James Lee Witt on Potential Disasters, Confidence to Survive

by Arkansas Business Staff  on Monday, Mar. 18, 2013 12:00 am  

James Lee Witt

James Lee Witt, a native of Dardanelle, was a Yell County judge chosen in 1988 by then-Gov. Bill Clinton to lead Arkansas’ Office of Emergency Services. After Clinton was elected president in 1992, he named Witt to lead the Federal Emergency Management Agency, which he headed from 1993 to 2001. Witt founded Witt Associates, an international disaster management firm, in 2001. In January, Witt Associates merged with O’Brien’s Response Management to form Witt O’Brien’s. It is based in Washington, D.C., but maintains a government relations office in Little Rock. Witt and his wife, Lea Ellen, live in Dardanelle.

Q: What drew you to your current career path?

A: Growing up in Wildcat Holler, outside of Dardanelle, I had seen my father and mother survive not just the expected hardships of farm life, which included the usual drought-failed crops but also the tornado that turned our house on its foundation when I was 5 and the fire that destroyed everything we had when I was 15. I saw my parents fight their way through all the bad times, and I have endured some pretty dicey moments myself, and I have come to believe that you need uncommon common sense. Uncommon common sense is nothing more than a bone-deep faith in your ability to cope in a bad situation — faith that you can decide what to do, you can figure out how to do it, you can pick up the pieces of your life and go on.

It is frightening the first time you have to tap into that confidence at your core. But the more you’re tested, the more you can rely on your experience at tapping into it. You don’t have to be afraid that it’ll fail you. Whatever it is inside us that instills, facilitates and conveys such confidence, the truth about it is this: It grows, like bark, with every trial you face. So experiencing personal disaster and seeing people go through the heartache of loss, and then, years ago, seeing FEMA not do things that seemed like common sense in my own county in Arkansas — those experiences led me to run for Yell County judge, where I thought that common sense was needed in disaster rebuilding.

When you agreed to serve in the Clinton administration, did you ever envision disaster preparation becoming such a big private business?

While serving as FEMA director for two terms with President Clinton, I didn’t envision what I would do beyond serving in the administration. I was approaching 60 years old by then and probably thought I would retire on our Arkansas farm. But as the closing days of the Clinton administration came, I saw the definite need for not only disaster preparedness services for private corporations, communities and even foreign governments, but I also saw that states and local governments don’t always have experienced full-time people on staff to navigate the FEMA system in disaster response. Eighty percent of companies that do not recover from a disaster within one month are likely to go out of business. My fellow Arkansan Mark Merritt and Clinton administration colleagues Barry Scanlon and Pate Felts and I wanted to do something about changing that.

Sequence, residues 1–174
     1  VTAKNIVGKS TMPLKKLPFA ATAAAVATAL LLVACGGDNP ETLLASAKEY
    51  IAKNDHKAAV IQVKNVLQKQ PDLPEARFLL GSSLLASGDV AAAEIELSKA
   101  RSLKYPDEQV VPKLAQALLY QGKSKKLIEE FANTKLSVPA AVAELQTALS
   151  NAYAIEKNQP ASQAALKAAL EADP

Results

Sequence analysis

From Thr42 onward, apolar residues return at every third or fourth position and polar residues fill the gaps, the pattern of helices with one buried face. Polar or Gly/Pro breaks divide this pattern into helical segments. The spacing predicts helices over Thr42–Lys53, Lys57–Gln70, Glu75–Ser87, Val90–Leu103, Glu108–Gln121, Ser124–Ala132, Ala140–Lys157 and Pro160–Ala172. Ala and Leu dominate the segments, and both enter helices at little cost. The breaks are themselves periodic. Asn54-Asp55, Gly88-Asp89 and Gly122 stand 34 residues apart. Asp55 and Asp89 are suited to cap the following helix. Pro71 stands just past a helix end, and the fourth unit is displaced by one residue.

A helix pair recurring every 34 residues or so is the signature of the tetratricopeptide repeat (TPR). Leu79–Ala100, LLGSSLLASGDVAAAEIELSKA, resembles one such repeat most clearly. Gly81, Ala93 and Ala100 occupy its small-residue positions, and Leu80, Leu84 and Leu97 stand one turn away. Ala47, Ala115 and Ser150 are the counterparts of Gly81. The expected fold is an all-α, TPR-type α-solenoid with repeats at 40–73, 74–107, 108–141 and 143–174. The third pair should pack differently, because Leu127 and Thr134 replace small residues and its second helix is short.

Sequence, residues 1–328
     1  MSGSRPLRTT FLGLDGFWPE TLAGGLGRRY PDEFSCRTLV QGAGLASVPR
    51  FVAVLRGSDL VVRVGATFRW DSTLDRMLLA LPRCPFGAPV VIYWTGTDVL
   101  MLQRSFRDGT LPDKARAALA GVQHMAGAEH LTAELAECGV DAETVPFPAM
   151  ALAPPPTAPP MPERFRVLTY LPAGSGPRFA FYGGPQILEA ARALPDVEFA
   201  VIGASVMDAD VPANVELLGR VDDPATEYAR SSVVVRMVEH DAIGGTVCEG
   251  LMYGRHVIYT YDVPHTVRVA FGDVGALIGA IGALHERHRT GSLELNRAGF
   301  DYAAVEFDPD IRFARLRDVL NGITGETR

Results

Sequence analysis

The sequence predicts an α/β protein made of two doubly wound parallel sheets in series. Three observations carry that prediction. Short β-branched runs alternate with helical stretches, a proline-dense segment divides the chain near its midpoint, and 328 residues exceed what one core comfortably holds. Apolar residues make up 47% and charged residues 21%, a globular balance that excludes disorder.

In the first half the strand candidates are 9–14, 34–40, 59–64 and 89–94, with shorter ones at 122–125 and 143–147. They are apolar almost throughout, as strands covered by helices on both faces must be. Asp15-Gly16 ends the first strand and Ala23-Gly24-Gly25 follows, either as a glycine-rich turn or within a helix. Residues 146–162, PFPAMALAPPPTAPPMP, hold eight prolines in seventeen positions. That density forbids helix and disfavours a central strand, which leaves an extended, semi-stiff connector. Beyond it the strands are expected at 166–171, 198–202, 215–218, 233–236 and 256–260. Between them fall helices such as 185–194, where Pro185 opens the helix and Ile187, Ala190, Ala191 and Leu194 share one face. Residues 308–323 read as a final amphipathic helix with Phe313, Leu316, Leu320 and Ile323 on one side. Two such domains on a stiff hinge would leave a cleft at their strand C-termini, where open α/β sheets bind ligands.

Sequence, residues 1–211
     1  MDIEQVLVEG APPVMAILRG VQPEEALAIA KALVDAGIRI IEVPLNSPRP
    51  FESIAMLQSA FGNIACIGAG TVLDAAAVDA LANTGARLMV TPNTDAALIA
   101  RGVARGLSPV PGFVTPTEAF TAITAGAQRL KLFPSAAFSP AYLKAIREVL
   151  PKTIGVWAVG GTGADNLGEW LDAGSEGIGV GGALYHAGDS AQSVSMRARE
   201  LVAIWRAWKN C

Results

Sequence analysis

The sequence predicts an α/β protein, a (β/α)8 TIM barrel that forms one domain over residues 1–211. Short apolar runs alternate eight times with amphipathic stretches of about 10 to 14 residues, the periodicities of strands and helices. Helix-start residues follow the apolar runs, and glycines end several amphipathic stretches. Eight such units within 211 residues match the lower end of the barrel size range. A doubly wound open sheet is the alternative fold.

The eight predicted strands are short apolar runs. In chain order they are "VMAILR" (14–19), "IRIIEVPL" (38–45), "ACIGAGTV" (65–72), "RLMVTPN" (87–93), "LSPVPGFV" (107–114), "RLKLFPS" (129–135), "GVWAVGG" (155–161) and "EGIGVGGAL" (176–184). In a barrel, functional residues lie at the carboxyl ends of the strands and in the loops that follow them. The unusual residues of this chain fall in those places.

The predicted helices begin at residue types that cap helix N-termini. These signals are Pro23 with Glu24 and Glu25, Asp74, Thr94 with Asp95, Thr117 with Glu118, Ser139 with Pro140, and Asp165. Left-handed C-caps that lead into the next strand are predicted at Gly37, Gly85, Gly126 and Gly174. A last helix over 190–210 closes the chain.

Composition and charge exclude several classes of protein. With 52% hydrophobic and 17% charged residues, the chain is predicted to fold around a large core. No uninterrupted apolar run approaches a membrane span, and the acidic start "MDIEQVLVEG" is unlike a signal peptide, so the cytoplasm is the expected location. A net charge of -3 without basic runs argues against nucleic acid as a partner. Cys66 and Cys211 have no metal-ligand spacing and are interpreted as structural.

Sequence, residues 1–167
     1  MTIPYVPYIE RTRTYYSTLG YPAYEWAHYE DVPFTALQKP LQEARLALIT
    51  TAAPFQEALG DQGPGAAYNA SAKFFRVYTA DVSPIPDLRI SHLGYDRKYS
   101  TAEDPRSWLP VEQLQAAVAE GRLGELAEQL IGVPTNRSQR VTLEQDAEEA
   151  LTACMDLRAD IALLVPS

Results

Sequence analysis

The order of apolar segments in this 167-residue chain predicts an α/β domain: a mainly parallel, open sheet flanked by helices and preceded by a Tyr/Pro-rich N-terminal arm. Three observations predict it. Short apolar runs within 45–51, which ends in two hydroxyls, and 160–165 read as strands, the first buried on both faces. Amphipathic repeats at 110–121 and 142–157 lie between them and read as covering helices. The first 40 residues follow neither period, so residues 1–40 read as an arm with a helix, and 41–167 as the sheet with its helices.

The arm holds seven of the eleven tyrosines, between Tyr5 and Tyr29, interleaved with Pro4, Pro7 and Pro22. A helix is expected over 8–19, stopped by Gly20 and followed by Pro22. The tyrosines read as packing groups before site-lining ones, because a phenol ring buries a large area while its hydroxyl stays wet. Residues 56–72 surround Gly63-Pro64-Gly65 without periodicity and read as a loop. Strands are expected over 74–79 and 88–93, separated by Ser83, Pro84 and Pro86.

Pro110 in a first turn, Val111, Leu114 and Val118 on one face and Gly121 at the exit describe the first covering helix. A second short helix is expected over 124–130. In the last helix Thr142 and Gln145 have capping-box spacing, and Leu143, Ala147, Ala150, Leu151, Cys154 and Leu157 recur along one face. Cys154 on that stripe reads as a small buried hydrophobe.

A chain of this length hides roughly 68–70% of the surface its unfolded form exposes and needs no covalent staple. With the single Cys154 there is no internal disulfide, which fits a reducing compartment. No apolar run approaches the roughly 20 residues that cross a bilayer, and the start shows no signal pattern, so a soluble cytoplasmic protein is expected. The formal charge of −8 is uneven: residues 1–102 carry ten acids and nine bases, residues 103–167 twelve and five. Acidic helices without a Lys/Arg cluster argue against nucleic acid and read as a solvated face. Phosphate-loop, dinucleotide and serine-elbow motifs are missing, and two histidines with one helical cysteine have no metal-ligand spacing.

What are the greatest potential disasters facing the United States?

The greatest potential disaster in the United States is actually the one that affects you personally. On the personal level, the greatest potential disasters are fire and power outages. Those two disasters tend to impact individuals more than entire communities. Arkansas as well as Connecticut, New Orleans and even Washington, D.C., have experienced significant long-term power outages due to weather. The public is very impatient when it comes to power outages.

Saying that, the greatest non-weather-related disaster is the state of the national grid. We have had the privilege of working with state and local governments in communities after significant power outages to help develop their resilience plans. And I can say that, along with local businesses in the area, those communities have greatly improved their ability to rebound after significant power outages.

In terms of whole communities, Arkansas faces the potential of an earthquake along the New Madrid Fault. A 2009 study by the University of Illinois found that a modern day replay of the [1811-1812] New Madrid earthquakes would be a mega-catastrophe. Last year marked the 200th anniversary of the New Madrid Fault earthquakes. If it happened today over what is now an eight-state region, including the Mississippi River Valley, it could render 7 million people homeless, damage 715,000 buildings and cause total economic harm approaching $1 trillion.

In addition, though Arkansas might not be affected directly, 53 percent of our country’s population lives in a coastal state, and those states face an increased threat from storm surge. During the past two years, most damage by hurricane hasn’t been the wind but the water. National policymakers are now changing the hurricane forecast and warnings to be more targeted to storm surge threat and are beginning public awareness efforts to let people know if they are in a flood zone by surge.

Where do you stand on the controversial-in-some-quarters issue of climate change? How serious a threat is it to the U.S.? To the world?



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